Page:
Brookhaven in Georgia will use drones to respond to 911 calls and emergencies and to conduct investigations as part of their first responder program. It will be the first city in the southeast to do so.
A drone will respond to your 911 call in Brookhaven, GA
Funding for the Brookhaven Police Department’s UAS (unmanned aerial system) unit was approved by the city on Tuesday night. The unit consists of four drones that can be deployed by the police to witness crimes in progress, document crime scenes, or provide a bird’s eye view for officers on the ground, reports the Wahoo Newspaper.
Even though not every 911 call will be responded with a drone, the unmanned aircraft offer the police department more flexibility, availability, and information, all while reducing in-person contact amid the COVID-19 pandemic.
“It’s literally a game-changer,” Brookhaven police Lt. Abrem Ayana said at a city meeting Tuesday night.
Brookhaven will become the second city in the country that adds police drones to its 911 response program. The first was the Chula Vista Police Department in California, which added drones under the UAS Integration Pilot Program in 2018.
Ayana added that police drones can potentially prevent police chases, catch criminals in the act, and determine when 911 calls don’t require a police officer to respond.
According to the Chula Vista police department drones have helped in more than 275 arrests and 650 calls for service that in the end did not require a police officer’s presence.
According to the city of Brookhaven, a drone response only costs 10% of the cost of dispatching an officer in a patrol vehicle. In addition, drones can get to the desired location much faster since they will not be held up by traffic. The Brookhaven drone program should be able to cover about 70% of the city, according to Ayana. Some areas are off-limits because of the DeKalb-Peachtree Airport nearby and Federal Aviation Administration (FAA) restrictions.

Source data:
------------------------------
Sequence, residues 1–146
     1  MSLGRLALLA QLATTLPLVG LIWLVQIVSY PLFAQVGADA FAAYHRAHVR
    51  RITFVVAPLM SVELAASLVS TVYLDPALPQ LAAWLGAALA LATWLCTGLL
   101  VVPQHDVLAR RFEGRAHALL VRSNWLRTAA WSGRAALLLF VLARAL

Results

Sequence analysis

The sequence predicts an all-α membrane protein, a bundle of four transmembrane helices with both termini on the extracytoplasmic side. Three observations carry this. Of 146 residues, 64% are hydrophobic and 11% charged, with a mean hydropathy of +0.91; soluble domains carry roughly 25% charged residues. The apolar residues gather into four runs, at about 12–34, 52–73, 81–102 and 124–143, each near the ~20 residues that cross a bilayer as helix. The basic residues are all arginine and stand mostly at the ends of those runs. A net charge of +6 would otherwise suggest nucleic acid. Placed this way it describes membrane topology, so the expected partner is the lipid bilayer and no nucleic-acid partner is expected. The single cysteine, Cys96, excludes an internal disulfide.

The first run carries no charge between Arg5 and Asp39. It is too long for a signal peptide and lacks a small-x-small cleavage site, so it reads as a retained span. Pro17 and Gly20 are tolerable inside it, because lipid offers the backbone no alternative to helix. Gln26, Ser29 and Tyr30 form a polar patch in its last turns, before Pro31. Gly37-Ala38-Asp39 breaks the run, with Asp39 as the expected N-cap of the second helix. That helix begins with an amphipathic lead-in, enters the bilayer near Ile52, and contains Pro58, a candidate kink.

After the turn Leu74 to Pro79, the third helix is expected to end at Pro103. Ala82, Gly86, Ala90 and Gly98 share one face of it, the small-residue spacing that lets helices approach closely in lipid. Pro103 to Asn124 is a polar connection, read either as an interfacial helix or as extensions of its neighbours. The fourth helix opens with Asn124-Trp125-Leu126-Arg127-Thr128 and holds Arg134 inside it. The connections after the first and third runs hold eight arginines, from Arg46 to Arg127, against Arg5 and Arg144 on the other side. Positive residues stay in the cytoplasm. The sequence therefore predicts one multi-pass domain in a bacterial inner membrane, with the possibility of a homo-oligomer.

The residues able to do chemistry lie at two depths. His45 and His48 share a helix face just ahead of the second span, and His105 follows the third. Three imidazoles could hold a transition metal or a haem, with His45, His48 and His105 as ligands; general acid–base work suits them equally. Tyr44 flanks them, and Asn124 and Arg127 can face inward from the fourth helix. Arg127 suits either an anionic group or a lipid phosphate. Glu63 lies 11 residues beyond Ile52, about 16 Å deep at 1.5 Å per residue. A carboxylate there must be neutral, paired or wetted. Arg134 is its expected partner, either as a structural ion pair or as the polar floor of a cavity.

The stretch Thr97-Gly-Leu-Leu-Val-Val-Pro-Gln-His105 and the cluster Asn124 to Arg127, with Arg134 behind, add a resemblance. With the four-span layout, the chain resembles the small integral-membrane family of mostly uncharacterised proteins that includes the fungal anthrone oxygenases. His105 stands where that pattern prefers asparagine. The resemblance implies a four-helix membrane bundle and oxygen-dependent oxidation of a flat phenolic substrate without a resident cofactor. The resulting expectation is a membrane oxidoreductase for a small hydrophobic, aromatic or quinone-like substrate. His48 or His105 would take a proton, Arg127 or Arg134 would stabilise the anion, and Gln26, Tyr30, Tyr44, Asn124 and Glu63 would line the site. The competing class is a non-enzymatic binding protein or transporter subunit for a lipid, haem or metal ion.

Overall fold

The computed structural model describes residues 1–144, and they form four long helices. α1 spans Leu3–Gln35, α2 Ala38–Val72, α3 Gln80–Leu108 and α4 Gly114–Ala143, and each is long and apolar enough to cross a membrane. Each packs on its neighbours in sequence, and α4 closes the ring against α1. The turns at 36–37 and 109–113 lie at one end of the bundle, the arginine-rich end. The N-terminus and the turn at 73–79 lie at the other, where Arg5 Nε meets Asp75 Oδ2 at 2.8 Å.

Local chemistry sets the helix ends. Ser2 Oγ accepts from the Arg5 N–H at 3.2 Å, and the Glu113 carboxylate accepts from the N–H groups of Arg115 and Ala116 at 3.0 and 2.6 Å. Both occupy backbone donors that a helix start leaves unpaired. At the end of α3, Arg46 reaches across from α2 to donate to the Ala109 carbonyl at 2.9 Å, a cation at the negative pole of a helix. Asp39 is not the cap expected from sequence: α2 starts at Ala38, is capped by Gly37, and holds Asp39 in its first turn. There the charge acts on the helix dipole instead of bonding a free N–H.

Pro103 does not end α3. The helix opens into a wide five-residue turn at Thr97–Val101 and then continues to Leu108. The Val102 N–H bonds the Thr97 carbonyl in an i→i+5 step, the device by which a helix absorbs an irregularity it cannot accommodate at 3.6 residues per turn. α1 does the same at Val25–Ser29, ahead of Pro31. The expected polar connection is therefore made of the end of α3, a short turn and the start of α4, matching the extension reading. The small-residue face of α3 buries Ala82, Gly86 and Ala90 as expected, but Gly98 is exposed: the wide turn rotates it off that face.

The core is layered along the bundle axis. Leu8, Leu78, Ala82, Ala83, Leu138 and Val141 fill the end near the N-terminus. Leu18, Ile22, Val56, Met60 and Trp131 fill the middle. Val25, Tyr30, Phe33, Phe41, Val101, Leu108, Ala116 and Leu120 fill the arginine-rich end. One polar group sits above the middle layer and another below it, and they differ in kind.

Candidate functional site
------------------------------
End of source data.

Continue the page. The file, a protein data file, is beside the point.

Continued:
All of the drones used by the police department in Brookhaven are equipped with a normal and a thermal camera. The video feed from the drones is live-streamed directly to the department’s crime center from where information can be relayed to officers on the ground.
“It takes a lot of the hide-and-seek aspect out of hide-and-seek,” Ayana said. “We’re going to see a lot more suspects identified in crimes because a drone is going to get there first and provide information.”
The city of Brookhaven plans to train 12 more operators to get them FAA certified under Part 107.
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